The Pasta in the Water

Posted: 2015-12-10

I had the pleasure of writing a blog post for TouchPoint Resource Pool
You can find the original blog post here


Even if you’re not a fan of the TV show Bones I invite you to follow me through this case study based on real events and see how quickly you can spot the oversight.

Let’s pretend for a moment that you have discovered, after a long battle with health issues, you are sensitive to wheat and gluten. Upon this discovery and a shift in food lifestyle you feel like you have your life back. You’re getting along well.

One of your biggest adjustments is missing the pasta from your favorite Italian place. The food, the ambiance, the staff… PERFECTO!

A coworker lets you know that they have just added gluten free pasta to their menu. You do your happy dance and at your next opportunity, you head on over.

Your meal was excellent. Very close in taste to your old favorite. They have done well. Now you know you can totally do this gluten free thing!

A few hours later you begin to feel ill. It keeps getting worse and for the next few days you are miserable. You go over and over in your mind what you ate and you can’t figure it out.

You return to the restaurant a few weeks later and the same thing happens. You call and confirm with the cook the ingredients of the gluten free pasta. He assures that is what he made for you and that they did everything to make sure your meal was made gluten free.

You give them the benefit of the doubt, though with a little fear, and go again. Before you leave you begin to feel ill. You are really worried that it isn’t just gluten but the ingredients of the gluten free pasta too. You express your sadness to the manager.

She invites you in the kitchen to show you the package. She wants to keep you as a diner for sure and wants you to know exactly what ingredients they are using. She even asks you about other brand options.

Standing by the many pots where all the pasta is cooking for current diners you ask “Which one is the gluten free pasta pot?”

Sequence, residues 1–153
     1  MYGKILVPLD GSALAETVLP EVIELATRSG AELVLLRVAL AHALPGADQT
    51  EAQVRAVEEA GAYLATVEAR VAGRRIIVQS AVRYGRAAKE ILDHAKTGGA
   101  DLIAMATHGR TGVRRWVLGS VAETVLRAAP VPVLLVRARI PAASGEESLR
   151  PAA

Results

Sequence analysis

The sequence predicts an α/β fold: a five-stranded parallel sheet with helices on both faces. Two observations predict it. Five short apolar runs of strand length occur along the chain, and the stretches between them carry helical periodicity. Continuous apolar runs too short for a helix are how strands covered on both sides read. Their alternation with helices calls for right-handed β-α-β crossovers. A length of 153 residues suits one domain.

“Oh, we don’t have a specific pot for that, we just put it one of the pots without regular pasta already cooking in it.”

“So, you’re cooking the gluten free pasta in the same water you cook the regular pasta?”

“Yes, just not at the same time.”

You are relieved as you now realize why you have been so sick. And, that this should be totally solvable.

You share your concern and the need of a dedicated pot for gluten free pasta. They quickly understand and apologize profusely for missing that step. It just had never occurred to them. They thought it was about cross contact with the food.

Though you feel very ill as you leave you are excited to most likely have your favorite eatery back. And extremely grateful that you, or no one else, had come in with an actual wheat allergy.

Whether you are cooking for a customer, a family member or friend with sensitivities, allergies, celiac disease or religious dietary guidelines, it is always a good idea to take time to think through the process of preparation in regards to their specific needs. Cooking and cutting surfaces, toasters, knives, etc. Things we don’t often think of can sneak by our notice when habits take over. And for some the beautiful meal that much effort and care has gone into in preparation can accidentally be the courier of unpleasantness to come… the sad reality is for some that might mean a trip to the hospital or even death.

Sharing food with family and friends is enjoyable and so integral to our culture. Something to keep in mind all through the year but especially now as the holidays are clearly in our grasp. Being thoughtful and mindful in our food prep is key for many of our family and friends to stay healthy, well and safe.


About the Author:

Judy Breuer is from Wellness Renaissance. 

Wellness Renaissance provides various certified Food Allergy training designed for managers, chefs, front of the house and back of the house staff as well as consulting and general education on allergies, sensitivities and celiac disease.
Judy is our anchor TouchPoint partner in the Duluth area.